Last update: 12/17/16 (scroll down)

Our nail biting roller coaster continues; the morning of 12/9/10 seemed to look good, blood pressure meds dropped, some activity in the right eye, less fluid in the lungs; though things took a turn with internal gastric bleeding, profuse amounts of blood coming from dad’s gastronomy (gi) tube, a tube inserted through the nose reaching all the way to the small intestine.  On 12/10/16, blood began gushing from dad’s nose and mouth.

One serious complication of portal hypertension is variceal bleeding.

3 liters of blood had bled out from dad’s stomach and emptied out the gi tube to canisters behind the bed.  Numerous transfusions and platelets had been administered to replenish blood lost.

TIPSS, Transjugular Intrahepatic Porto-Systemic Shunt

Doctor’s performed a TIPSS, Transjugular Intrahepatic Porto-Systemic Shunt procedure 12/9/10 on my dad to release pressure on the liver by creating new connections between two blood vessels in the liver.  (read to the end to learn of outcome)

Transjugular intrahepatic portosystemic shunt (TIPS)

Transjugular intrahepatic portosystemic shunt (TIPS) – Credit:

When portal hypertension occurs, there may be bleeding from veins of the stomach, esophagus, or intestines (variceal bleeding).

This procedure allows blood to flow better in the liver, stomach, esophagus, and intestines, and then back to the heart.

During the procedure:

  • The doctor inserts a catheter (a flexible tube) through the skin into a vein in the neck. This vein is called the jugular vein. On the end of the catheter is a tiny balloon and a metal mesh stent (tube).
  • Using an x-ray machine, the doctor guides the catheter into a vein in the liver.
  • Dye (contract material) is then injected into the vein so that it can be seen more clearly.
  • The balloon is inflated to place the stent.
  • The doctor uses the stent to connect the portal vein to one of the hepatic veins.
  • At the end of the procedure, the portal vein pressure is measured to make sure it has gone down.
  • The catheter with the balloon is then removed.
  • After the procedure, a small bandage is placed over the neck area. There are usually no stitches.
  • The procedure takes about 60 to 90 minutes to complete.

This new pathway will allow blood to flow better. It will ease pressure on the veins of the stomach, esophagus, intestines, and liver.


The TIPSS, Transjugular Intrahepatic Porto-Systemic Shunt procedure, performed 12/9/10, seemed to hold dad up for the most of the next day, 12/10/16, however, around 5pm, blood began to gush from his nose and mouth.  About 2-3 liters of blood this time.

Esophagogastroduodenoscopy with Hemostasis

Nurses proceeded to call gastroenterology doctors, who proceeded with an esophagogastroduodenoscopy with hemostasis, a process which causes bleeding to stop through inserting a balloon (Sengstaken Blakemore tube) in the stomach to seal possible variceal bleeding.

Sengstaken Blakemore tube

Sengstaken Blakemore tube

The balloon (Sengstaken Blakemore tube) is left in the stomach with constant measured pressure for up to 3 days in an effort to seal the bleeding.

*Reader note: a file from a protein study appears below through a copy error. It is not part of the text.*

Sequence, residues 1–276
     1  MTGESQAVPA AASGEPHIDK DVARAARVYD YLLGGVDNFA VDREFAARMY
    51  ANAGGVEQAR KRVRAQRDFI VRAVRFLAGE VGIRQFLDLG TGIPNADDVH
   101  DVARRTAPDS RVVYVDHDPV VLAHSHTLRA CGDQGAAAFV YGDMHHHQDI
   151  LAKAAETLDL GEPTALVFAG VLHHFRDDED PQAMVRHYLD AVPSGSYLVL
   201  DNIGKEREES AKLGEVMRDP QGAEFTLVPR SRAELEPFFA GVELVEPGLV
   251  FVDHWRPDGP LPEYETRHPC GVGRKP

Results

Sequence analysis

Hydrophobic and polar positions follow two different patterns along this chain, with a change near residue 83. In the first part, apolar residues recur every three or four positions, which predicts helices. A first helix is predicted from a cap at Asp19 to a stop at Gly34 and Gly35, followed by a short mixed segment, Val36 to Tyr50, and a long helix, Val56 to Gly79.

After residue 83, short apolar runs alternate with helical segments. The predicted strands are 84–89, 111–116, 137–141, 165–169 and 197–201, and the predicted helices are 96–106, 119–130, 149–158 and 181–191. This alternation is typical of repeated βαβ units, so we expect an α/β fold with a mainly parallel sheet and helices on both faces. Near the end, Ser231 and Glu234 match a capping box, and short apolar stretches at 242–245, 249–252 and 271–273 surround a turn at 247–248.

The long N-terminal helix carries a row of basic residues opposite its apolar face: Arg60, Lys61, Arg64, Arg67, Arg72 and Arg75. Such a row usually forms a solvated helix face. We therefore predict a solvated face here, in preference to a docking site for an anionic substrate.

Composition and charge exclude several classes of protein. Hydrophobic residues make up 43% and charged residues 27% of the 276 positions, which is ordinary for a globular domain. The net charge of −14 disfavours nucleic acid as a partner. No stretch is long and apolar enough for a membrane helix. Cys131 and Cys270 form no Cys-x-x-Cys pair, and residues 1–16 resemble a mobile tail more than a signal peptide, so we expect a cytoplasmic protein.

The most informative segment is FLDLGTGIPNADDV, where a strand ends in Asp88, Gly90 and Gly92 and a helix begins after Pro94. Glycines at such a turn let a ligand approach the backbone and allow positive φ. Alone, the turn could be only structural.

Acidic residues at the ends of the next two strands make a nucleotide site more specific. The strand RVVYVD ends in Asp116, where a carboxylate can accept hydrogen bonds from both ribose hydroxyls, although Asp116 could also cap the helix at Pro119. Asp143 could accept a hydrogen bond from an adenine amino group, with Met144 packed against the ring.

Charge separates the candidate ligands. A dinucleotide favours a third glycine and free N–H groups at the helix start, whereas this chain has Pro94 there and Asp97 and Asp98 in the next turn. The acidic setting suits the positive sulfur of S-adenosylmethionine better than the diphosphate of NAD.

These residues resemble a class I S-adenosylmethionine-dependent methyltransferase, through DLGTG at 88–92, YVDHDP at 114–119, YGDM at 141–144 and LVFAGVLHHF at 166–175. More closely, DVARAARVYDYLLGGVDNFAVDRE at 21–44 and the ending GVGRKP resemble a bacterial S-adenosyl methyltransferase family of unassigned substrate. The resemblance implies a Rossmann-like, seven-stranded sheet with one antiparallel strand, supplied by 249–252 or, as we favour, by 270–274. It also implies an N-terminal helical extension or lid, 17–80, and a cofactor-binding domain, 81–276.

12/11/16 12am: Despite the procedures, bleeding seems to continue.

Dad will be taken to get a CT Scan to check for any new sources of bleeding.

Dad out for CT Scan

Dad out for CT Scan

7am: CT Scan showed no bleeding in liver and no new variceal bleeding.  Bleeding seems to be under control as a result of esophagogastroduodenoscopy with hemostasis.  Coagulating products continue to be administered.

4pm: Esophogeal balloon was deflated for progress check on bleeding.  No bleeding so far.  Gastric balloon remains inflated in stomach.


4pm: Gastric balloon was deflated and left in stomach just in case.  Blood products continuously given.  Bleeding seems under control for now.  Nitric Oxide machine removed.

5pm: Dad has a blood infection.  Central, IV and dialysis lines replaced.  Bactrim antibiotic currently being administered.

6pm: Mom was asked to go to waiting room due to bleeding; we had thought the bleeding started again in the stomach.  After an hour, she was called back to find out the bleeding was due to old dialysis line. (Wooh, what are relief it was!)

Day 25 in 8th floor ICU, balloon deflated


New antibiotic, bactrim, put in the mix, due to blood infection.  A little bleeding from stomach, though may be old blood.

9:30pm: Balloon removed.  Minimal bleeding, possibly old blood


Day 8 of antibiotics.  Day 27 in liver ICU.  Not much change in lungs and oxygenation.  Aspergilles and Candida persists and are still being treated.  NG tube will be put back to allow for meds to be administered that way.  No bleeding for now.


Dad’s lung condition continues to deteriorate.  Aspergillus and ARDS taking over his lungs.  Oxygenation in the 80s.


Dad’s lung condition again continues to deteriorate.  Oxygenation at low 80s.


Day 30 in liver ICU.  Dad’s lung condition again continues to deteriorate.  Oxygenation hitting the 70’s.  By 9am, Atrial fibrillation starts.  Before noon, oxygen drops to low levels.  Dad is surrounded by family holding and praying for entry to heaven.

To the most amazing dad I could ask for, my hero, my mentor, my advisor, my biggest cheerleader, who supported me in everything in life, thank you for being the outstanding person that you were, for loving your family and friends unconditionally, for being a positive influence and role model to everyone around you, for being such an amazing dad, husband, grandfather, brother, uncle, son in law, cousin, friend, and man of God; for always smiling and laughing, and for being the positive force you were even in suffering, for staying so strong and fighting to live for your family each and every day.  Thank you God for blessing us with a good life, made possible by this man.

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